This is not it. In some rare cases, even dirt makes its way into the throttle body. If the car has been flooded, for instance, there are high chances that the throttle body carries dirt. These can not only block the valve and trigger the electronic throttle control light but also damage the engine. So, in these situations, it is better to let a mechanic carry out a thorough cleaning of the components before turning the engine on.

Electronic Throttle Control Light Causes #4: Electrical Issues

Yet another common cause for the electronic throttle control light to come on are electrical issues. As the electronic throttle works based on the electrical signals from the ECU, any fluctuation in that can alter its operation. In some cases, external magnetic or electrical fields may also interfere with its operation. But most modern cars are equipped to combat this.

electronic throttle control light

Improper electrical signals are sent by the ECU in some uncommon situations. The first of which can be loose connections in the wiring or spliced/corroded wiring. These faulty wiring can trigger erratic signals to travel from the ECU to the throttle body. This is easily picked up by the diagnostic system, turning on the electronic throttle control light.

Another reason for these is mechanical failure. A mechanical failure in the link with the gas pedal can turn on the electronic throttle control light. It can send intermittent signals or cause a complete loss of signal from the ECU. This turns also true for the situations in which the gas pedal module is faulty.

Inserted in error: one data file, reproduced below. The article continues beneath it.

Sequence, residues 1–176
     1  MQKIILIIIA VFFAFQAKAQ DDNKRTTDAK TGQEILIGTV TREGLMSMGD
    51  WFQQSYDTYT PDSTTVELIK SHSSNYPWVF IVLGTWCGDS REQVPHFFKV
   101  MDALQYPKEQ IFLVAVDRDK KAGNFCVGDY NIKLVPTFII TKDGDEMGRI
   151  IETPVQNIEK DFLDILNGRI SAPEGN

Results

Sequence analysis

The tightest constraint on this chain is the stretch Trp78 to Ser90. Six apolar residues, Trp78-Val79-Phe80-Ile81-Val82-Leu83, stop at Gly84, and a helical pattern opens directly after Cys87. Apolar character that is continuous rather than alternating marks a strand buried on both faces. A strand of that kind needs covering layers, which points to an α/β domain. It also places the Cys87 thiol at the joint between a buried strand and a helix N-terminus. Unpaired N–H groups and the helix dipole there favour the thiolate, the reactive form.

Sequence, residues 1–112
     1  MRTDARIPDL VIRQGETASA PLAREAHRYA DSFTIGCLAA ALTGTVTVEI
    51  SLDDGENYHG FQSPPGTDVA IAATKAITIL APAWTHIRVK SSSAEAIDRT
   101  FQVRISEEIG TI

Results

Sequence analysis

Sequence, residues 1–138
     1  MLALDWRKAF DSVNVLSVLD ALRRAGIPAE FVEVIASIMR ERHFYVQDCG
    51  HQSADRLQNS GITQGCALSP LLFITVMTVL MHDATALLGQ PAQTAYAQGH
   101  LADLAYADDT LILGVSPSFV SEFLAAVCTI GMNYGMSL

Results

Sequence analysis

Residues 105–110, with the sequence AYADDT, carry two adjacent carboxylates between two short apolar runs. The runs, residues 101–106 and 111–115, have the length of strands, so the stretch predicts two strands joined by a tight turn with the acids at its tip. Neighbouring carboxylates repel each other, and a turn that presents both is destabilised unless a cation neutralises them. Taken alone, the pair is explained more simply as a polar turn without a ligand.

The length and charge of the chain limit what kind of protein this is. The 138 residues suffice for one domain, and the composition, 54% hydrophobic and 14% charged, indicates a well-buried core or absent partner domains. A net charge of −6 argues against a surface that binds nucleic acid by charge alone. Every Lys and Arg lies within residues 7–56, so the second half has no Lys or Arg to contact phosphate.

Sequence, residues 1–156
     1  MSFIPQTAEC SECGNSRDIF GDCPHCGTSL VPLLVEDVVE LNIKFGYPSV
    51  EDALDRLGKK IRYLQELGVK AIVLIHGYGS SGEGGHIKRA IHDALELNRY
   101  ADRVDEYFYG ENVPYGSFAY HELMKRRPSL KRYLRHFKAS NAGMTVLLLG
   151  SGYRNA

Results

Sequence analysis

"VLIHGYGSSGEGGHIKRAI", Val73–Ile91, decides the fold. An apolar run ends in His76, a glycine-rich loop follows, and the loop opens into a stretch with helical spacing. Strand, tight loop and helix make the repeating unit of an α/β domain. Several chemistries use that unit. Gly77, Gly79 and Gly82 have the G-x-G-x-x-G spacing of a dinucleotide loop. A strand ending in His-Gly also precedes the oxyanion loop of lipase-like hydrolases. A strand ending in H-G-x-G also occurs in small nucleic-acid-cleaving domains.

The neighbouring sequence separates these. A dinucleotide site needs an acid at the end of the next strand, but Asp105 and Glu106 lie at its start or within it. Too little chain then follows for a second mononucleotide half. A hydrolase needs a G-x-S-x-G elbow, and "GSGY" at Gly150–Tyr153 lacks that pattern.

Symptoms Of Electronic Throttle Control Light Problems

The electronic throttle control light is not a problem on its own. It is merely an indication of a problem that lies underneath the skin of your car. But, apart from the electronic throttle control light, there are a few more symptoms that you can look for. Having an eye, or ear, for these can help you find out issues even before they turn worse.

Here is the list of all issues that may accompany the electronic throttle control light.

1. Engine Stalling/Misfiring

The stalling or misfiring of an engine is not an exclusive issue that comes with electronic throttle control light. A bunch of issues can cause it and throttle body issues are some of them.

2. Rough Idle

If your vehicle idles in a rougher than usual manner, you may have all reasons to suspect a throttle issue. In most cases, it will be accompanied by the electronic throttle control light, making the issue quite obvious.

3. Lack Of Smooth Acceleration